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the individual citizen (which this projected Congress of Nations does not even hope to exercise), — if, while we grasp at this shadow of a Congress of Nations, we let go of— nay, break up, and scatter to the winds — this substantial union, this real Peace Congress, which, for sixty years, has kept the country, with all its conflicting elements, in a state of prosperity never before equalled in the world, we shall commit a folly for which the language we speak has no name; against which, if we, rational beings, should fail to protest, the dumb stones of yonder monument would immediately cry out in condemnation

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14. THE SPIRIT OF THE AGE ADVERSE TO WAR. – Rev. G. C. Beckwith.

WAR will yet cease from the whole earth; for God Himself has said it shall. As an infidel, I might doubt this; but as a Christian, I cannot. If God has taught anything in the Bible, He has taught peace; if He has promised anything there, He has promised peace, ultimate peace, to the whole world; and, unless the night of a godless scepticism should settle on my soul, I must believe on, and hope on, and work on, until the Nations, from pole to pole, shall beat their swords into ploughshares, their spears into pruning-hooks, and learn war no more. Yes, Sir; I see, or I think I see, the dawn of that coming day. I see it in the new and better spirit of the age. I see it in the Press, the Pulpit, and the School. I see it in every factory, and steamship, and rail-car. I see it in every enterprise of Christian benevolence and reform. I see it in all the means of general improvement, in all the good influences of the age, now at work over the whole earth. Yes; there is a spirit abroad that can never rest until the war-demon is hunted from the habitations of men. The spirit that is now pushing its enterprises and improvements in every direction; the spirit that is unfurling the white flag of commerce on every sea, and bartering its commodities in every port; the spirit that is laying every power of nature, as well as the utmost resources of human ingenuity, under the largest contributions possible, for the general welfare of mankind; the spirit that hunts out from your cities’ darkest alleys the outcasts of poverty and crime, for relief and reform; nay, goes down into the barred and bolted dungeons of penal vengeance, and brings up its callous, haggard victims, into the sunlight of a love that pities even while it smites; the spirit that is everywhere rearing hospitals for the sick, retreats for the insane, and schools that all but teach the dumb to speak, the deaf to hear, and the blind to see; the spirit that harnesses the fire-horse in his iron gear, and sends him panting, with hot but unwearied breath, across empires, and continents, and seas; the spirit that catches the very lightning of Heaven, and makes it bear messages, swift, almost, as thought, from city to city, from country to country, round the globe; the spirit that subsidizes all these to the godlike work of a world's salvation, and employs them to scatter the blessed truths of the Gospel, thick as leaves of autumn, or dew-drops of morning, all over the earth; the spirit that is at length weaving the sympathies and interests of our whole race into the web of one vast fraternity, and stamping upon it, or writing over it, in characters bright as sunbeams, those simple yet glorious truths, the fatherhood of God, and the brotherhood of man; — is it possible for such a spirit to rest until it shall have swept war from the earth forever ? —o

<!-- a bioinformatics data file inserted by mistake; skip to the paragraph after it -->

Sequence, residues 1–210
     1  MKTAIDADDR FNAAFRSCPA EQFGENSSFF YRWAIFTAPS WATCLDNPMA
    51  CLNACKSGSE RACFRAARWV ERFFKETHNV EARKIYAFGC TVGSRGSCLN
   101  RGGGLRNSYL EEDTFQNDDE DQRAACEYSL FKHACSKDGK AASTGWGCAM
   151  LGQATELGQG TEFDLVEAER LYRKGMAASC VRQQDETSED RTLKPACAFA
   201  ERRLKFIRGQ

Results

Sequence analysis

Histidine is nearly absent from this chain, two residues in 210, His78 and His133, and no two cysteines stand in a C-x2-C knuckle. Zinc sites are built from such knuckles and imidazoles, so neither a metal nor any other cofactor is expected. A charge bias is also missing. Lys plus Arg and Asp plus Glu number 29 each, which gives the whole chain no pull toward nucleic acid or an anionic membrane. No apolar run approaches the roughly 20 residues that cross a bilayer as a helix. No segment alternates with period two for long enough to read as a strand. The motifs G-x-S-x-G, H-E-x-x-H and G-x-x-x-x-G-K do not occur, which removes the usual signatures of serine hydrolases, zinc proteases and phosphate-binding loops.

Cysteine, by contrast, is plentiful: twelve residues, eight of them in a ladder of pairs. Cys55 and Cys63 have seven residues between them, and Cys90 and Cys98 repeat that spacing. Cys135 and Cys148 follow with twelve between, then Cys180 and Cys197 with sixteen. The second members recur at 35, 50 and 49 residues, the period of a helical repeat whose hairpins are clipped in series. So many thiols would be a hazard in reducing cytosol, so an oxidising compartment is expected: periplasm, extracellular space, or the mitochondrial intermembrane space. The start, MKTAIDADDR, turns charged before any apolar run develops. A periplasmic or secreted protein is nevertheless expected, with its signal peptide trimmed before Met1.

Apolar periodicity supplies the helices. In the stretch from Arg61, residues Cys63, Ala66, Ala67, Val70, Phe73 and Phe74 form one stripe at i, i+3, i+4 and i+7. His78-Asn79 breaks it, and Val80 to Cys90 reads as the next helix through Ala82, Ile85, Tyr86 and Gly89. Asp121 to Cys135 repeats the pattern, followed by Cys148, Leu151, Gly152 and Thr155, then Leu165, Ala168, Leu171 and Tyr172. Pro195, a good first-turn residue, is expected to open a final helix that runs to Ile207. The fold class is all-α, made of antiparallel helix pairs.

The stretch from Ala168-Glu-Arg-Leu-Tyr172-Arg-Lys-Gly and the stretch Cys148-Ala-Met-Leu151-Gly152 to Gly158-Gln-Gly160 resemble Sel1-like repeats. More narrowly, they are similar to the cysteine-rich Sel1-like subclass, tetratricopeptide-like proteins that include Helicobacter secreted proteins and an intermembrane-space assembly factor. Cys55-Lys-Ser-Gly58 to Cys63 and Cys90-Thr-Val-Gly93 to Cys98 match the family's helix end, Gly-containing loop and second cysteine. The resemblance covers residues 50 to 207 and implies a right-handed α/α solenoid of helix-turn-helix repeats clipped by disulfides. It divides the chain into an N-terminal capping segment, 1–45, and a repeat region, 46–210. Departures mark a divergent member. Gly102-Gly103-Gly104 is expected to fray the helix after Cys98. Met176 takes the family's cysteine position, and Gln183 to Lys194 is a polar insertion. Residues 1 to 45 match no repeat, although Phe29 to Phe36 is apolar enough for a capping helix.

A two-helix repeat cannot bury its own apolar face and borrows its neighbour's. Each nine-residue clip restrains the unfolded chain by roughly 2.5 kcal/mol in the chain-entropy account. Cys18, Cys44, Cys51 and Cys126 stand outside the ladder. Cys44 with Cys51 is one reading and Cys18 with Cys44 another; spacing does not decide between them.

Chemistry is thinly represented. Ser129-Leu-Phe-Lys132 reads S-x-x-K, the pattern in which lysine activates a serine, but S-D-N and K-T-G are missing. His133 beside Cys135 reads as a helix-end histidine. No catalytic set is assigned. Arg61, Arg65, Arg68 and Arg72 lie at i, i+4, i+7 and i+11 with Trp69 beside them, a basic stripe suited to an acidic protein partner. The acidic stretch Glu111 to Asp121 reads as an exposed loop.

15. MOSES IN SIGHT OF THE PROMISED LAND.—W. B. O. Peabody. B. 1799; d. 1847.

THE legislation of Moses! Let me ask, what other legislation of ancient times is still exerting any influence upon the world ! What philosopher, what statesman of ancient times, can boast a single disciple now ! What other voice comes down to us, over the stormy waves of time? But this man is at this day, -at this hour, –exerting a mighty influence over millions; the whole Hebrew Nation do homage to his illustrious name. Though the daily sacrifice has ceased, and the distinction of the tribes is lost, — though the temple has not left one stone upon another, and the altar-fires have been extinguished long ago, - still, wherever a Jew is found, – and they are found wherever the foot of an adventurer travels, — he is a living monument of the power which this great Hebrew statesman still has over the minds and hearts of his countrymen.